in dairy products, General Mills has just announced that Yoplait Yogurt will stop using any rBGH by the end of August. Why? In response to consumer demand, in other words, because enough people chose to get involved and show their concern.

This comes on the heels of New England‚ largest milk co-op, Agri-Mark
Inc., banning the use rBGH at any of its processing plants. The
ban will affect between 600 and 650 farms in New England, as well as
non-members who sell their milk to Agri-Mark. While there is concern
over the recent drop in milk prices affecting revenues for farmers, the
profitability of using rBGH is questionable, considering that while it
may increase milk production, any profit is partially or fully negated
by the costs of the hormone, of treating side effects in cows, and of
cows potentially burning out faster and having to be slaughtered. Again, it appears that Agri-Mark is responding to consumer demand for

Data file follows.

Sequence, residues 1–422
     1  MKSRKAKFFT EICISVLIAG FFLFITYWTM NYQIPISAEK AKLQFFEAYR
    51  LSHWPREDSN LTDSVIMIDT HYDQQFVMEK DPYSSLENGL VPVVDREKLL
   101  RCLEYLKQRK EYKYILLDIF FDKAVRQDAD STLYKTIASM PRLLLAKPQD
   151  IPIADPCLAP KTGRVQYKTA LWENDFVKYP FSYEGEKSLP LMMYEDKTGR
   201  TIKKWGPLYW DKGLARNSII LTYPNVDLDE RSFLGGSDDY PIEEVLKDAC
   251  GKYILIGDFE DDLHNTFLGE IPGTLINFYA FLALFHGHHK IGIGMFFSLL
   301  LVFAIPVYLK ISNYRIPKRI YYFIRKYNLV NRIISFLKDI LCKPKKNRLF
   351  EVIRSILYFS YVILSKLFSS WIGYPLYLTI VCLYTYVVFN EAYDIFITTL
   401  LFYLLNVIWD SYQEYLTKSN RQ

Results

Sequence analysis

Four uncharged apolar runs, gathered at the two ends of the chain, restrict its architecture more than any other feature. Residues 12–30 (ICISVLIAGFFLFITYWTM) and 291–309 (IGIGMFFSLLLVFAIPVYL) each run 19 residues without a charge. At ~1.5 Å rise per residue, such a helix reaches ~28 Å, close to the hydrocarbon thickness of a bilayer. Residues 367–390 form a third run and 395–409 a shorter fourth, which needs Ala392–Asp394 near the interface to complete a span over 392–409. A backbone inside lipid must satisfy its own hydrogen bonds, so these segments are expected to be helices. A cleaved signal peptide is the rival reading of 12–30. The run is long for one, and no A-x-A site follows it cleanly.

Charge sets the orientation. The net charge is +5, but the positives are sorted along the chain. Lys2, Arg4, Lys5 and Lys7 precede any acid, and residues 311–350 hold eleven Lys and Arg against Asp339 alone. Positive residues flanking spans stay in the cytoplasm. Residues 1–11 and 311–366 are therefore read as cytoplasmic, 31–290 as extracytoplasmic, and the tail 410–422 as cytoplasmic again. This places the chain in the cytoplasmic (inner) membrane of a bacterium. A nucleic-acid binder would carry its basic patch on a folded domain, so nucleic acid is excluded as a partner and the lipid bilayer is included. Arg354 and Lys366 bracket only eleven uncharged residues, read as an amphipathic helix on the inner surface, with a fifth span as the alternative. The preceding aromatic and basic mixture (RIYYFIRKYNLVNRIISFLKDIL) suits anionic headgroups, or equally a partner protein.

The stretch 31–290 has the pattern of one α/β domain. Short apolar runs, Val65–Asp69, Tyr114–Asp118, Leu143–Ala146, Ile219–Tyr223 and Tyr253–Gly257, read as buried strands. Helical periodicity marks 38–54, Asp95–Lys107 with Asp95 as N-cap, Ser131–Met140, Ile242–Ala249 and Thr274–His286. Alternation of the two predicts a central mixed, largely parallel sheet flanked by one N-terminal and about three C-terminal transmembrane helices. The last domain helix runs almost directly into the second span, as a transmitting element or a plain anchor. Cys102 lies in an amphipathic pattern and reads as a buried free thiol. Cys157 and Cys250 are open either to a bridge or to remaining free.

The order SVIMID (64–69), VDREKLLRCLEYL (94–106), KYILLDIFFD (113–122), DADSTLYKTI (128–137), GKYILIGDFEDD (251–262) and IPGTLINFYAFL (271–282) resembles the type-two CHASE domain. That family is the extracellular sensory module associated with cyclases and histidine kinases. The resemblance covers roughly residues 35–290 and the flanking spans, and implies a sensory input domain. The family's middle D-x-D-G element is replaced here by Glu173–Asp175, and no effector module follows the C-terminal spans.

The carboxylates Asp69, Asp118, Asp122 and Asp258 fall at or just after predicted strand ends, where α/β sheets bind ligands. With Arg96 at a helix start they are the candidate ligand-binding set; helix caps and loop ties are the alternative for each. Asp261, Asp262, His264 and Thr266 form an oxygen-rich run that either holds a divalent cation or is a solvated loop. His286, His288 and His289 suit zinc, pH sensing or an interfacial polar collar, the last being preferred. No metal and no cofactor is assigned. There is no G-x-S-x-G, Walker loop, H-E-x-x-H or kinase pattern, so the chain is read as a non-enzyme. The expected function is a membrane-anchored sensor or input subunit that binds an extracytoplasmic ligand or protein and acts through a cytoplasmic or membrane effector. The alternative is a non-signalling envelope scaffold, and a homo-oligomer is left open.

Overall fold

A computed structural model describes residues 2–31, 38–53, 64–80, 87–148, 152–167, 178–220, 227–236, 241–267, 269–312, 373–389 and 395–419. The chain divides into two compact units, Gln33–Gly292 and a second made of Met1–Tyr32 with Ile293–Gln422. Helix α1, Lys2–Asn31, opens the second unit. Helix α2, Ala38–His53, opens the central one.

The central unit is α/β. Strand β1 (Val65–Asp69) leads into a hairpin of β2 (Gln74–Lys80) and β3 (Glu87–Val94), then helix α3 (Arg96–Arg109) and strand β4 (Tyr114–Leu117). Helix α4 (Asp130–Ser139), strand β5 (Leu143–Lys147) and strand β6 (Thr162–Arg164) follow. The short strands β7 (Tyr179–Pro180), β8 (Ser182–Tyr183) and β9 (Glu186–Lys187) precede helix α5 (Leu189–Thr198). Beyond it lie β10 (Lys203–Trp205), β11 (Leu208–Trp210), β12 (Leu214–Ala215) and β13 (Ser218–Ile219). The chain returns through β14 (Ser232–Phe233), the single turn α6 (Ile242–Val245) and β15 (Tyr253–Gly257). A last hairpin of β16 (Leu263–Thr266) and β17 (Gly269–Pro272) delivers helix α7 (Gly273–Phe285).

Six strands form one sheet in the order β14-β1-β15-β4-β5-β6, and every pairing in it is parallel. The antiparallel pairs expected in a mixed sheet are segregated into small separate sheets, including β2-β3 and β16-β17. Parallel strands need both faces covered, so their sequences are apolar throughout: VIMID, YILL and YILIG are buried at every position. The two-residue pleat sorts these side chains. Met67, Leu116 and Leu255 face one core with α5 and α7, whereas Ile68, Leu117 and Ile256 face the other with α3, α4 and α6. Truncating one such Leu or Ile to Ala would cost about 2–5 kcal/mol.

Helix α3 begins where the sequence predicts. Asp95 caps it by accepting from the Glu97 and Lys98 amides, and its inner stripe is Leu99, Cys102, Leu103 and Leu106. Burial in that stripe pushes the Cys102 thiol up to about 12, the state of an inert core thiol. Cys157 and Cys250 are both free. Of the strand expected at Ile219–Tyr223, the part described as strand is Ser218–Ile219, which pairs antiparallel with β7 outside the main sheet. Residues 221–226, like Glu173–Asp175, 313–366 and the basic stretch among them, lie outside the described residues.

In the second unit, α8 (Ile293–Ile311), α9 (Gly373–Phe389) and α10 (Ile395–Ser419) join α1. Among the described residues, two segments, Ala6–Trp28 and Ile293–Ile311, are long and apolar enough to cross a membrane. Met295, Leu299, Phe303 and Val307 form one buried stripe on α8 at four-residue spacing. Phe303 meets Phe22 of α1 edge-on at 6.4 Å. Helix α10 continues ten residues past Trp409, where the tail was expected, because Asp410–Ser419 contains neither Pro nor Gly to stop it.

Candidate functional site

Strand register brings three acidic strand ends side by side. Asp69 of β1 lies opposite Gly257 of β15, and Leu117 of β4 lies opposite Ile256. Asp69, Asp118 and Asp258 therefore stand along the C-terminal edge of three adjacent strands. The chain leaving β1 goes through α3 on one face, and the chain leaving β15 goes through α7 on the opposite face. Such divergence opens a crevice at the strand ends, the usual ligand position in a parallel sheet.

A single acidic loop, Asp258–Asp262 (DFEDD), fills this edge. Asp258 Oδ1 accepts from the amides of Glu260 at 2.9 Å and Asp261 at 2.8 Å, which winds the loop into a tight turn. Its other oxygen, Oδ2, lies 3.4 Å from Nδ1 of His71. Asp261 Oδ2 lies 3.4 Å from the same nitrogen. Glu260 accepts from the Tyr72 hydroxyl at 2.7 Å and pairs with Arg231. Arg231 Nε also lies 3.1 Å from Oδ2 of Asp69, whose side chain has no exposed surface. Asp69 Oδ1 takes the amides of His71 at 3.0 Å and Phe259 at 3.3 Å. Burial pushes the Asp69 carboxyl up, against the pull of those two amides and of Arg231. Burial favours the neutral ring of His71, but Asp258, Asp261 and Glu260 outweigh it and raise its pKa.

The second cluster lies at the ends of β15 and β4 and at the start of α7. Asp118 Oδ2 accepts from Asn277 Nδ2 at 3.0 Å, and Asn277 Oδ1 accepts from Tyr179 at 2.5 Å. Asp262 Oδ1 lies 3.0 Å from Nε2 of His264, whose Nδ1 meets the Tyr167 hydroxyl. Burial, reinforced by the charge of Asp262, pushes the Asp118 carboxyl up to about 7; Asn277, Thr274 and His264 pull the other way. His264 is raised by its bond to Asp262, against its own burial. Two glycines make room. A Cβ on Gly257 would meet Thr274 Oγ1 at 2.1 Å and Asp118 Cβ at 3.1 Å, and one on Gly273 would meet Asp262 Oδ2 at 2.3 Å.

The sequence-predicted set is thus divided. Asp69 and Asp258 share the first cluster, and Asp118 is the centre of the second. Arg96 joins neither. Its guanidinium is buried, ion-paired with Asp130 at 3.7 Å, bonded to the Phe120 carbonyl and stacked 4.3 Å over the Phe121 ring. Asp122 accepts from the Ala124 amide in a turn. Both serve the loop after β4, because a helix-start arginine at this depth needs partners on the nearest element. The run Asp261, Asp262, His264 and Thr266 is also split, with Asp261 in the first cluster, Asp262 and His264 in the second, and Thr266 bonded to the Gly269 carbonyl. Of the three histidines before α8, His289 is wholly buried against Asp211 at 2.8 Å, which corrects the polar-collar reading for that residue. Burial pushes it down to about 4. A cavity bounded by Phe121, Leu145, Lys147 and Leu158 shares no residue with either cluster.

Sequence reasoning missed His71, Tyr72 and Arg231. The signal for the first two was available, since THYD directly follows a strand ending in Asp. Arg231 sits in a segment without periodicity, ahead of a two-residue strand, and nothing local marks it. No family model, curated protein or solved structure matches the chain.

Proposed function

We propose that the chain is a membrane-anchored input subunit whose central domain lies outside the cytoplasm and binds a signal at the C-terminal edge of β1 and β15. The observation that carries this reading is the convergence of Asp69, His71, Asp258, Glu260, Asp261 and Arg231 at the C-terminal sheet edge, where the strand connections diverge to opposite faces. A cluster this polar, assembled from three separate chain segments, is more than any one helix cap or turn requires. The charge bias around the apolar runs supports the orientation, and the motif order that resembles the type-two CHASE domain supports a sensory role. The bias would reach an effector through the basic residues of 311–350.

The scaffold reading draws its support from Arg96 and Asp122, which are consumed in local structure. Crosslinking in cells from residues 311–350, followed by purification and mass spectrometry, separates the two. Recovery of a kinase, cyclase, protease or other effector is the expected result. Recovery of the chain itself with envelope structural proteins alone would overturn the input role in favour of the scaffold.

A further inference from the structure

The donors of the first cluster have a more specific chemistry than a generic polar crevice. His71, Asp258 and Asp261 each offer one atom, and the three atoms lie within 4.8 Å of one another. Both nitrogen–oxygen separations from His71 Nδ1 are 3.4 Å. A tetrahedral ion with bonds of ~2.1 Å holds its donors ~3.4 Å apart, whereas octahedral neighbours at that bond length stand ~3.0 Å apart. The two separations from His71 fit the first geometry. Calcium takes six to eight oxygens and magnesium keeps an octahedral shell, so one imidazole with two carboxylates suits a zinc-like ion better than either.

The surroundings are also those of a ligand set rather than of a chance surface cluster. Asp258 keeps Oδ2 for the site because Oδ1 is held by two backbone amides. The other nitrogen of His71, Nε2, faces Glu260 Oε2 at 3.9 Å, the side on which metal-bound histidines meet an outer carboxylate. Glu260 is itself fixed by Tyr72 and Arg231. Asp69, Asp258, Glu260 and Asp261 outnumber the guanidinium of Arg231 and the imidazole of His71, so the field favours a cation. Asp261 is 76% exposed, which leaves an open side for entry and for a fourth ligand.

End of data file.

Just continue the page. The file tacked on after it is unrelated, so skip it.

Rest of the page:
rBGH-free products. Read the full article…

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Photos and fountains in New York City

water fountain 2nd Ave at 93rd Ever notice how hard it is to find a pay phone these days? How about a public drinking fountain? Maybe you’ve noticed it‚ not so difficult to find single serve plastic bottles of water‚ provided you shell out a dollar or two. Maybe you’ve noticed, too, that these same bottles litter our parks, while our crumbling drinking water fountains run dry. Citizens around the country have noticed this trend, and are looking for ways to reinvest in public water infrastructure rather than pad corporate pocketbooks. Many consumers are dropping bottled water and taking back the tap. Others are coming up with creative ways to raise awareness about the importance of safe, affordable public drinking water. John Famulary, for one, believes that everyone should be concerned about access to water. As Executive Director of the Urban Fitness Network, he spends a lot of time with high school students in New York City, and he can tell you that not every student he meets has spent a lot of time thinking about where his or her water comes from. Yet water is as essential to urban life as it is to all life on this planet. Read the full article…

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February 9th, 2009

The wrong kind of change